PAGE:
As sixteen of us are led into the court to be selected to try the case, I look around me. We’ve been brought in through a door near the jury benches, on one side of the court. Our seating is made of wood and fashioned like a church pew, with a ledge in front for paper and pens. We may keep the notes for the duration of the trial but they are then to be destroyed.
In front of the jury benches, and at ninety degrees to them, are the advocates’ benches, with three people in each. The dock, with a glass screen, is behind them. The clerk sits in front of them and the judge in a raised alcove behind her. Beyond the advocates are the usher’s bench on the right and the public gallery on the left, four benches that can hold three or four people each.
The judge is young, in his late thirties or early forties. He introduces himself, and then the barristers. The prosecution barrister is Roger Bastow, about the same age. Then there is Mr Smith, who represents Jacob Goodman; Miss Shah, barrister for George Drummond; and Miss Barry, whose client is Lloyd Wick. Miss Barry sits behind the others, with a young woman who makes a lot of notes and a middle-aged man who turns out to be the police detective on the case. We are asked if we know any of them, and also various witnesses whose names Bastow rattles off. We don’t.
Goodman, Drummond and Wick look us over. They seem very young; barely in their twenties.
Miss Shah, a chunky Asian woman with a beaked nose and big smile, could almost be the same age. She has the air of a school prefect. Barry is a lot older, with long blonded hair. Smith is probably in his thirties. The grey wigs sit incongruously on all of them.
We file into the benches in order as we’re called. These will be our seats for the entire trial. I desperately want to be picked – what crime thriller writer wouldn’t? – and to my relief I’m the last one. I had expected objections from the advocates – the defendants are all black or mixed race, while the jury is solidly white – but there are none.
Mr Goodman, Mr Drummond and Mr Wick sit silently, side by side in the dock, bookended by two security guards. They seem engaged right at the start, then slip into glassy-eyed boredom until CCTV footage is played. They’re very interested in that. It turns out this is the first time the prosecution witnesses have seen the footage. I imagine it’s a first for the defendants too, but not so, as I discover two days later.
The legal professionals all rib each other a lot, especially when Bastow can’t get the CCTV DVD to behave (it returns to the beginning when he freezes, rewinds, or fast forwards it).
“I know we’re all teasing Mr Bastow, your honour, but it’s not his fault,” Miss Shah says. “The connection’s loose. The TV switches off when I cross my legs.”
“Perhaps we need Miss Shah to uncross her legs,” the judge smirks when the TV refuses to start again.
Throughout the trial, the method of address is very formal. The judge is addressed as your honour and referred to as his honour. The barristers are Mr this and Miss that, and my learned friend. The defendants are addressed and referred to as Mr Goodman etc.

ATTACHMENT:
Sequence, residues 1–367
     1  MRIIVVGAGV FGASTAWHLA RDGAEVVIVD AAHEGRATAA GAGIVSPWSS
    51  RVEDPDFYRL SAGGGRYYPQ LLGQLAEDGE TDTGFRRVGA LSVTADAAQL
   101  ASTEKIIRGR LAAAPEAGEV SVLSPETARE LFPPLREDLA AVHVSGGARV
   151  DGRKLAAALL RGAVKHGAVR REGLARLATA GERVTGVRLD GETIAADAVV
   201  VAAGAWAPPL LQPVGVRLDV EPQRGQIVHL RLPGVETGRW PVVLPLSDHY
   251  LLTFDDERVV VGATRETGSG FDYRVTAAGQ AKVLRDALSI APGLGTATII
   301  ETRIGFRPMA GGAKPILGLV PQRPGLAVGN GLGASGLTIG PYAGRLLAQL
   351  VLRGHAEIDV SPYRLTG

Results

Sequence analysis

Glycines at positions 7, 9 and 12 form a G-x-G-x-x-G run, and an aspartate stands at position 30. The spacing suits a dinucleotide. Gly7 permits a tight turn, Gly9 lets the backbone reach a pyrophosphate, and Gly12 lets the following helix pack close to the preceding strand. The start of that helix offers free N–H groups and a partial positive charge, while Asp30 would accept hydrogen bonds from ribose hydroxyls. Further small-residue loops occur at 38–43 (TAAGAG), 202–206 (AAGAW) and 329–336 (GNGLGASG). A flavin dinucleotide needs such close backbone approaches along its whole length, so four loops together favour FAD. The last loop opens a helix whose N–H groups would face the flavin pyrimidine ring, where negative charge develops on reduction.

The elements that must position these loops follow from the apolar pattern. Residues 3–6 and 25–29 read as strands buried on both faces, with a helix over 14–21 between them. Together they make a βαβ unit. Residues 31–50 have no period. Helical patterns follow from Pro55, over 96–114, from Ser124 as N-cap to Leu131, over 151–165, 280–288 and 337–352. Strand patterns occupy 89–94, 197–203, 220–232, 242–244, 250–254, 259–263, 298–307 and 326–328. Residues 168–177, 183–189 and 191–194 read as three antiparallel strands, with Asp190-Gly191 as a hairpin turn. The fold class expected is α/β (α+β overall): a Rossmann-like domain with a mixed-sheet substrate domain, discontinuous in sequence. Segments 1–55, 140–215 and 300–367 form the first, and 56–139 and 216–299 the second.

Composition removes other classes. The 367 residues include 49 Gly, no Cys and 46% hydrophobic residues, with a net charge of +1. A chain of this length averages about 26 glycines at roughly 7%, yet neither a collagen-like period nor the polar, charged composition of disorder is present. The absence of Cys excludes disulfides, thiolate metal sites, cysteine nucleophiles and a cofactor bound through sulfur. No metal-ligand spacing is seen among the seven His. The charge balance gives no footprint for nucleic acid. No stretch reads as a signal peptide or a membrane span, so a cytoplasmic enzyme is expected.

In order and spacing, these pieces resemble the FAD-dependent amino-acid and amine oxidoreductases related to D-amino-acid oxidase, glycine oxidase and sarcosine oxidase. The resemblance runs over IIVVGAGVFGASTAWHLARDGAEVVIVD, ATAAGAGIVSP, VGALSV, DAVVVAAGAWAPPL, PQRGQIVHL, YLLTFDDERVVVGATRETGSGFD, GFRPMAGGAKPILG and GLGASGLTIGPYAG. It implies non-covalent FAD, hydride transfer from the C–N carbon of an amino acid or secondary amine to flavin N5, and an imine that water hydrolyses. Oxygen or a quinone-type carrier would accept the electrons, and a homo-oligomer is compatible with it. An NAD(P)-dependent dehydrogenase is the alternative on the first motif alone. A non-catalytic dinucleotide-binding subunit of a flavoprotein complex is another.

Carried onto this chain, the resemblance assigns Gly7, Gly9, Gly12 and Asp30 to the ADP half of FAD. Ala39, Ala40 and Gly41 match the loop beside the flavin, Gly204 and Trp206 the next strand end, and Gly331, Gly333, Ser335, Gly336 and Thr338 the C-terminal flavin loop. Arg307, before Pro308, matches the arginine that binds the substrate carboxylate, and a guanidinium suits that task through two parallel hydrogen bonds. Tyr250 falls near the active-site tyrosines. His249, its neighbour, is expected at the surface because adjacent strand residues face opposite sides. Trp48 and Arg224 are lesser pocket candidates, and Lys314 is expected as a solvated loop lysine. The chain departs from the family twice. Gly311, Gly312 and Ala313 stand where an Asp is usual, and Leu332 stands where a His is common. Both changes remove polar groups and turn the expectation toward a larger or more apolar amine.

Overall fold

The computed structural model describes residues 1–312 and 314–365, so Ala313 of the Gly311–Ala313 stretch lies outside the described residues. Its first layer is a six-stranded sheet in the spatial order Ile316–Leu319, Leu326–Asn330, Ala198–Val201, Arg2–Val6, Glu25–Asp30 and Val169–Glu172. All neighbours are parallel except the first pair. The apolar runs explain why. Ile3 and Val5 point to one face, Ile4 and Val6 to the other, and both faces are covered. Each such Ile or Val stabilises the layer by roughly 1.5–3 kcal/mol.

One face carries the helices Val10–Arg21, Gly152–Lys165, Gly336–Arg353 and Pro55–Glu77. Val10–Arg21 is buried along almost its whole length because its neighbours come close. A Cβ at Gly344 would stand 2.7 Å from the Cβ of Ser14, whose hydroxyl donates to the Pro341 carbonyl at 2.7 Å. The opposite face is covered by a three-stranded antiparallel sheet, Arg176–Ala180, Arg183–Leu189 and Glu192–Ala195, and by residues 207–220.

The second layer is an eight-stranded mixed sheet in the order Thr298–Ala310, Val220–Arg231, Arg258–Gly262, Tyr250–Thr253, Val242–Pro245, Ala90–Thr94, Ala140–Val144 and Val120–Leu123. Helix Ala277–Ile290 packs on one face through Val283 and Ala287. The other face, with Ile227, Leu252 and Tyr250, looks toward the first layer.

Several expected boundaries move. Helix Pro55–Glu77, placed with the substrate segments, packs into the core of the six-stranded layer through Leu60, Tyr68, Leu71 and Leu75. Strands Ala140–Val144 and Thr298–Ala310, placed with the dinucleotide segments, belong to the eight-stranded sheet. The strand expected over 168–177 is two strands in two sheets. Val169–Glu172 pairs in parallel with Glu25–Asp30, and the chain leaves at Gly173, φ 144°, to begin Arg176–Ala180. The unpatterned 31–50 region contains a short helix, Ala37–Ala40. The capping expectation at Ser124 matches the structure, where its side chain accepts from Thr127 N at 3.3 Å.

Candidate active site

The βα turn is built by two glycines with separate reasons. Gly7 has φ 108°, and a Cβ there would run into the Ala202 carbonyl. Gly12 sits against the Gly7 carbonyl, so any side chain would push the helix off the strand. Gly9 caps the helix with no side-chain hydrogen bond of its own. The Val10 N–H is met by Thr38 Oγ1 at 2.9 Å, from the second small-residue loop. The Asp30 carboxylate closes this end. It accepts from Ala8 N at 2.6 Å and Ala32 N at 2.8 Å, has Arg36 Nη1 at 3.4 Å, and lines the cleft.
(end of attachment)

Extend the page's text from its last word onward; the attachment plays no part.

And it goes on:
The jurors are given a list of charges against the defendant. They are accused of drugs and violent offences. Bastow then outlines the case. Four young men went out for a midweek drink. They had perhaps five pints each and a light meal, then ended up at the bar where they met the defendants.
The bar is well known; a respectable place not noted for trouble. I prick up my ears.
Bastow goes on to say two of the friends stood outside the bar to smoke, whereupon Goodman tried to sell them cocaine. They refused and went inside. It was alleged the three defendants and an unknown male went inside and attacked them.
CCTV footage is played. I am convinced at first that none of the defendants are on camera. The CCTV footage appears to show only white people. It becomes apparent, however, that the CCTV just bleaches everyone’s faces. The quality is indistinct. It’s impossible to tell if the defendants are there.
Two victims then give evidence, one after another. Everyone is given a choice of swearing on the bible or affirming they’re telling the truth. Both choose to affirm. Once each is sworn in, a few photocopied sheets are circulated with photos of their injuries.
Both were punched by their attackers and had to be taken to hospital. Brooks had stitches and staples. He remembers little of the evening, saying after he told the persistent cocaine sellers outside to f**k off, he has a vague recollection of an argument inside, then waking up among blood, police and paramedics. The paramedics shone a light in his eyes, repeatedly asking, “Matt, are you awake? Are you awake?” They had to do this for ten minutes.
Merrick can’t recall full details of the evening either. But he did remember trying to separate Matt Brooks from trouble inside the bar. He also remembers a barman asking what Brooks had said to wind up “those guys – they’re not normally aggressive.” Alas, in his police statement, the key fact that this witness was a barman was not mentioned.
Both Merrick and Brooks say they were merry but not overly drunk. “I’ve drunk that amount many times and never lost my memory,” Brooks says. “I was heavily concussed from the attack; that’s why I can’t remember everything.”
Smith ask Brooks how he knew he was being offered drugs.
“The man said, do you want to buy some coke?” Brooks says. “You don’t stand outside a bar offering to sell people Coca Cola. I knew it was drugs.”
Again, Smith tries to catch Brooks out. “You say when you were smoking outside you told them to f**k off, but you signed a police statement saying you told them to go away,” he says.
“I told the police I said F**k off,” Brooks asserts.
My jury service took place a month ago. Read more about it here – I posted a blog every day this week:
Note – all names have been changed